1. Your comments seem to contradict the Mormon church’s teachings and emphasis on male/female marriage. Do you disagree with your church on that topic? If so, I highly respect and applaud you!

  4. Thanks for bringing up this topic, it sure is an important one. Like you I grew up not thinking too much about it – probably because we just naturally felt comfortable within the gender-norms around us. That all changed when I had a child who consistently, from early toddlerhood, challenged those norms and fought against them. That, and all the research I’ve done and people I’ve met since then, has taught me a lot. There’s a great conference held in Berkeley every year called Gender Spectrum. Check it out for a great way to learn more.

    We all fall on the gender spectrum somewhere – most have traditionally felt comfortable at one end or the other, but there have also always been those that are much more comfortable somewhere closer to the middle. It’s nice that it is becoming culturally (and legally) acceptable to show that true self to others, even the young. Oscar’s friend is a great example, but we still have a lot of work ahead of us. Not all schools nor all people or parts of the country are equally accepting. I’ve always liked this simple graphic to illustrate to others who might be newer to the concept of gender: the genderbread person

    It’s important too to remember that a person’s concept of gender, even one’s own gender, can also change over time and be quite fluid. My own child has, at different periods, identified as more masculine or more feminine, or genderless or both, but has never clearly been on one specific end only. For a lot of people it’s just that: impossible to check the box as simply male or female, it’s much more nuanced than that.

  5. I just finished Becoming Nicole, about a family who adopts identical twin boys, and one twin clearly identifies as a girl from very early in her life. It does a great job diving into sex vs. gender. Highly recommended!

  6. Thank you for bringing this topic up for conversation, Gabby! My liberal arts, all-women’s college education gave me a really great understanding of the difference between sex & gender. When I first started discussing it with my mom years ago, who is very open minded, it was really difficult for her to grasp. But she was open to learning about it and being educated, which is all you can ask! It’s ok not to know- just keep asking questions.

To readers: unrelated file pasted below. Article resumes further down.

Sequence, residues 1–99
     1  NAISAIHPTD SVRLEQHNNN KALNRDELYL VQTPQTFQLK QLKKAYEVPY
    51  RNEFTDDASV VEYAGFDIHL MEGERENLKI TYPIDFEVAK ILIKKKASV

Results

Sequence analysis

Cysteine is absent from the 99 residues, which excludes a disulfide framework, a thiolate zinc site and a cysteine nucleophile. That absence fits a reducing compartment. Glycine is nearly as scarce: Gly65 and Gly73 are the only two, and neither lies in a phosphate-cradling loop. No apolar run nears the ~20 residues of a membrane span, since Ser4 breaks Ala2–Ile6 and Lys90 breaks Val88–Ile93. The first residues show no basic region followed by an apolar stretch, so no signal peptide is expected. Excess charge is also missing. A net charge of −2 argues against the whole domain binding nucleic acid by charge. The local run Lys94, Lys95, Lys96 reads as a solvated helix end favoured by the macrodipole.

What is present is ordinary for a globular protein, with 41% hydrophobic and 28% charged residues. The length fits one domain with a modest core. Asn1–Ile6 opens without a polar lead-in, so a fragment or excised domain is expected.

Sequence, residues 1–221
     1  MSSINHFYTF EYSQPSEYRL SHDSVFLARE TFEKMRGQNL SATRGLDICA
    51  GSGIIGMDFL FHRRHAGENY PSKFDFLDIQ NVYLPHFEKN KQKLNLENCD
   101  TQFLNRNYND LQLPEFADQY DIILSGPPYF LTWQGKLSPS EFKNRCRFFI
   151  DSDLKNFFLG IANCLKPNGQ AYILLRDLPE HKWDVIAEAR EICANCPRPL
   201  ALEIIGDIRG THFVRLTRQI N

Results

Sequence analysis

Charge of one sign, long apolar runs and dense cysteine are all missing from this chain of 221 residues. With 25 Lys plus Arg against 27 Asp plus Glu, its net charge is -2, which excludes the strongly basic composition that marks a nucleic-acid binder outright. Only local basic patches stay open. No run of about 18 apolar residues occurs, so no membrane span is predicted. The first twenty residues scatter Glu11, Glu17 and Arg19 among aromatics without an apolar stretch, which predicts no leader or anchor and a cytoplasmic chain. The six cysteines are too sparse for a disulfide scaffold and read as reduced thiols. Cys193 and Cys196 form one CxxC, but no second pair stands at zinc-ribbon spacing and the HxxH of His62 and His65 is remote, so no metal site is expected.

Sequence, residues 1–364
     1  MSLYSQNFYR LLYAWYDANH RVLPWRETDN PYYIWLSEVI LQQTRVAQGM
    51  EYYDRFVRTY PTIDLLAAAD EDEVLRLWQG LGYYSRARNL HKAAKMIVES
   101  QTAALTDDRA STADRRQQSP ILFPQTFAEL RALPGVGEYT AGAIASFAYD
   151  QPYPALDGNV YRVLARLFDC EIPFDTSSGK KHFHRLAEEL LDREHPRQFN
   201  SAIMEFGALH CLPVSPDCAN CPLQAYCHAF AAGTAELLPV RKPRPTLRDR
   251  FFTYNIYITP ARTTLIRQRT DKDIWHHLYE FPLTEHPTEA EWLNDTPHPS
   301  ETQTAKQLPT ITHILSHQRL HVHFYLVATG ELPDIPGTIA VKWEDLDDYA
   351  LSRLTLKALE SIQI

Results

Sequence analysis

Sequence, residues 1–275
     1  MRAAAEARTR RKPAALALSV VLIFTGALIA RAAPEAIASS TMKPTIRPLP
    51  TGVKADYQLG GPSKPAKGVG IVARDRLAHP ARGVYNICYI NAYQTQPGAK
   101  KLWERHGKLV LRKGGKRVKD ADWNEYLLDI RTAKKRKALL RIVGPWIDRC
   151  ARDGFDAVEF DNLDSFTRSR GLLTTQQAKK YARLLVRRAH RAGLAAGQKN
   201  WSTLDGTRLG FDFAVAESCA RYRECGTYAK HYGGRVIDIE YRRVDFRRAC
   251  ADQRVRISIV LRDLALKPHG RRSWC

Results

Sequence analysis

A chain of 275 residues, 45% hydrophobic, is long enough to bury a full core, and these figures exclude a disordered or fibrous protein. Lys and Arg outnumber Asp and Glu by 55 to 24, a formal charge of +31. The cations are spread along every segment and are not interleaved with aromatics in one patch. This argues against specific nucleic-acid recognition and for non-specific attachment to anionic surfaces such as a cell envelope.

This also brings to mind some funny remarks I’ve run into since marrying my wife last summer. Several people have asked my mom “So, which one is the man?” When I first heard this, I was thinking- Seriously?! People still perceive two females in a relationship like this?- But in the end I just had to laugh.
    To one woman in particular my mom replied “What do you mean? Neither is a man!” The woman was polite but persistent, “No, but really, which one?” “They’re both women!” “But…” And this went back and forth until my mom just changed the subject! The woman could not wrap her head around the absence of the “woman + man = relationship” equation. I should mention that neither I nor my wife are masculine in appearance- we’re both quite feminine.

    So what did the woman mean? Who’s more emotional? (My wife) Who makes more money? (Me) Who likes watching sports and playing video games? (My wife) Who has more female friends? (Me) I’m guessing she couldn’t unwrap traditional gender roles from her mind. But it also sparked some feminist fire in me- as if two females don’t bring the necessary requirements to a functioning marriage.

    For some, the whole point is that they’re with another woman. For us, it’s just about loving the other as a person- regardless of gender or sex. That’s one reason why I prefer not to say “lesbian relationship”- it’s just a relationship to me. I never dated any women before my wife. I didn’t fall in love with a woman, I just fell in love with Hannah. :)

  7. I’ve been doing more research on this now that I’m a parent of a 4 year old daughter and a 4 month old baby boy. Interestingly when we found out we were having a boy for our second child two different people have is books on raising boys. I really liked the book Parenting Beyond Pink and Blue. One thing that I’ve noticed is that it has become much more culturally acceptable for girls to be ‘tomboys’ but the reverse still isn’t true (at least where I live). My daughter frequently wears ‘boy’ clothes (especially shorts as they’re longer and more functional. She wants to save her dresses and skirts that she’s outgrown for her little brother, but I don’t think I’m that progressive yet…anyways, lots to think about! Thanks for the interesting reading and discussion.

    1. That’s where I got stuck, too, in the process of raising two kids rather than raising a boy and a girl.

      But also, I am way more open than my own boy who edited out most girlish things as soon as he realized that other kids labeled things as boy-things and girl-things. He has a very fine sensor for those messages even though the adults in his life (both in the family, at school and in the neighborhood) are fairly progressive.

      I agree it’s more acceptable in our culture for girls (and women) to wander towards masculinity than for boys (and men!) to wander towards femininity.